Unfortunately the answer is no. There are so many different types of materials in so many combinations, or mixed with different compounds that to know what, how and where to disassemble them is best left to the expert. A number of these materials can even harm you if you’re not properly protected. Some materials are worth pulling out, like precious metals including gold, copper and others and some are worthless but need to be disposed of properly nonetheless.
Bad Recycling Methods for Electronics
Most people can tear down devices like a computer. It’s not hard to disassemble the parts but when you get down to the components, it takes an expert to know what materials are where, what is safe to handle, or what protection is needed and how to correctly separate them. In some places overseas companies will take components such as a circuit board and run it through a chipper, similar, if not indeed the same as a wood chipper. Then they’d put the chipped pieces into a furnace and collect the metals like gold and copper. This is a form of disposal and some of the material is recycled, but it is not the proper way to recycle electronics. Other than the captured metals, all the other toxic materials go through the chimney as a poisonous gas exposing all creatures to air that is detrimental to breathe.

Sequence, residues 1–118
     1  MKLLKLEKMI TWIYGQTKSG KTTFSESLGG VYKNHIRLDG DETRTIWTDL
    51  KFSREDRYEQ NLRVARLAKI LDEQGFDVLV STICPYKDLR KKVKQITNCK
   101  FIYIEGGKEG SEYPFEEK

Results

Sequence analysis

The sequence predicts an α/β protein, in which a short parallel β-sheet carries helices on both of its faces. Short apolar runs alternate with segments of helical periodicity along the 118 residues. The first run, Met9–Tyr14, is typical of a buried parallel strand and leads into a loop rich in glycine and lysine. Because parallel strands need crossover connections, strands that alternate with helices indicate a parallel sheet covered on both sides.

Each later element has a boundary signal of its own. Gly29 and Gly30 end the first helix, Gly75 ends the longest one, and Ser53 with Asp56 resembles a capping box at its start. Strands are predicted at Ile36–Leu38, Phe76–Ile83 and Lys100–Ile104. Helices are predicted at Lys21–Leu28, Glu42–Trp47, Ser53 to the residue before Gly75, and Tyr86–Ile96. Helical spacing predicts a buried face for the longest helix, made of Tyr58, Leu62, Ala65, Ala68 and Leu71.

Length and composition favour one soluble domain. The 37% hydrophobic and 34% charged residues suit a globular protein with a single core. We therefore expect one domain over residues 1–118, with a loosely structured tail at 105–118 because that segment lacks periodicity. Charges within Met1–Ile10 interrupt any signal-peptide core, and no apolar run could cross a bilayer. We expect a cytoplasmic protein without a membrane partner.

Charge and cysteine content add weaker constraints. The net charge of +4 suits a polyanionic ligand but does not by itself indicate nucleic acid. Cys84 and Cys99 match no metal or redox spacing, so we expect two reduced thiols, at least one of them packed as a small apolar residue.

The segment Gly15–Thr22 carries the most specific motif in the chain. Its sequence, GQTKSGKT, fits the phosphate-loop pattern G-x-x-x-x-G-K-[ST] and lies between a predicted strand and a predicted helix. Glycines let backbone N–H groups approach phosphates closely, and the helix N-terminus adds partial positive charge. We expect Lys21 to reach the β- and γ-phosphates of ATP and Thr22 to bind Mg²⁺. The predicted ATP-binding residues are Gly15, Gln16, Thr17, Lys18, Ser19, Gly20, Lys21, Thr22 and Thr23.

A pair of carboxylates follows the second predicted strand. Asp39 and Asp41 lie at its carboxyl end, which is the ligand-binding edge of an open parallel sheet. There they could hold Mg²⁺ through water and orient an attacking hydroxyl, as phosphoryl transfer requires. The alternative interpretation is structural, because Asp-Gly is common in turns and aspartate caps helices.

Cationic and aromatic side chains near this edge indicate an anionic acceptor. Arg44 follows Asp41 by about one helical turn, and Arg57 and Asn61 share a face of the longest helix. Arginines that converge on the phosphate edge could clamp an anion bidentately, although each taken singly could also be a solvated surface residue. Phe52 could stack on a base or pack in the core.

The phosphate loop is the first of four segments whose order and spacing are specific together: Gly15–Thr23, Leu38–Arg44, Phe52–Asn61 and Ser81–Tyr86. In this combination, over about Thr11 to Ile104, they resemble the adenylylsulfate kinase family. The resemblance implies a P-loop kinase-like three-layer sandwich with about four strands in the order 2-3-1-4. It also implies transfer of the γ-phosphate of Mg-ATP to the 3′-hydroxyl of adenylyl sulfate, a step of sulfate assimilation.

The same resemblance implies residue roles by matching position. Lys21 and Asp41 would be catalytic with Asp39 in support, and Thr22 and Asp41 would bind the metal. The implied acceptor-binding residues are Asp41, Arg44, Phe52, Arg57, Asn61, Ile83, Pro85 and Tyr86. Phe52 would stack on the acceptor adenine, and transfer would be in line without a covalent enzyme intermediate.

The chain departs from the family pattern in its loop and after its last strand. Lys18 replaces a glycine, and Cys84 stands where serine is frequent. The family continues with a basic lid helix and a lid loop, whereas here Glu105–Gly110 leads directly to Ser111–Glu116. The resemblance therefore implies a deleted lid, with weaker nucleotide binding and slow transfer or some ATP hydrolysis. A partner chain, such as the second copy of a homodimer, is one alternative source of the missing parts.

The Dangers of Recycling
This refers more toward normal electronics like computers and cellphones, etc., but when it comes to other electrical equipment like air conditioners or refrigerators, that’s a whole different animal. Essentially anything that runs off of electricity is considered an ‘electronic’ device of some sort, but the range is so wide that in all practicality, some cannot be disassembled by anyone other than an expert because of the numerous dangerous chemicals, gasses and other materials involved. For personal electronic devices like laptops, cellphones, printers or what have you; unless you are an expert in toxic materials don’t risk jeopardizing your health, or those around you.
Specializing in E-Waste Recycling
The very reason you’re now seeing numerous e-waste recycling centers is for this very purpose. If it was that easy to do, specialists wouldn’t need to get involved. They know the elements inside each electronic device, what is recyclable and the proper way to do it. Another stumbling block to disassembling and recycling yourself is the amount of ‘miniaturization’ used in today’s electronics. Things are so small now that special equipment is required just to deal with that aspect of it. Although it may seem practical, or even fun to take apart your old devices, don’t risk yours, or the environment’s safety by incorrectly disassembling and/or recycling your electronics. Let the pros do it.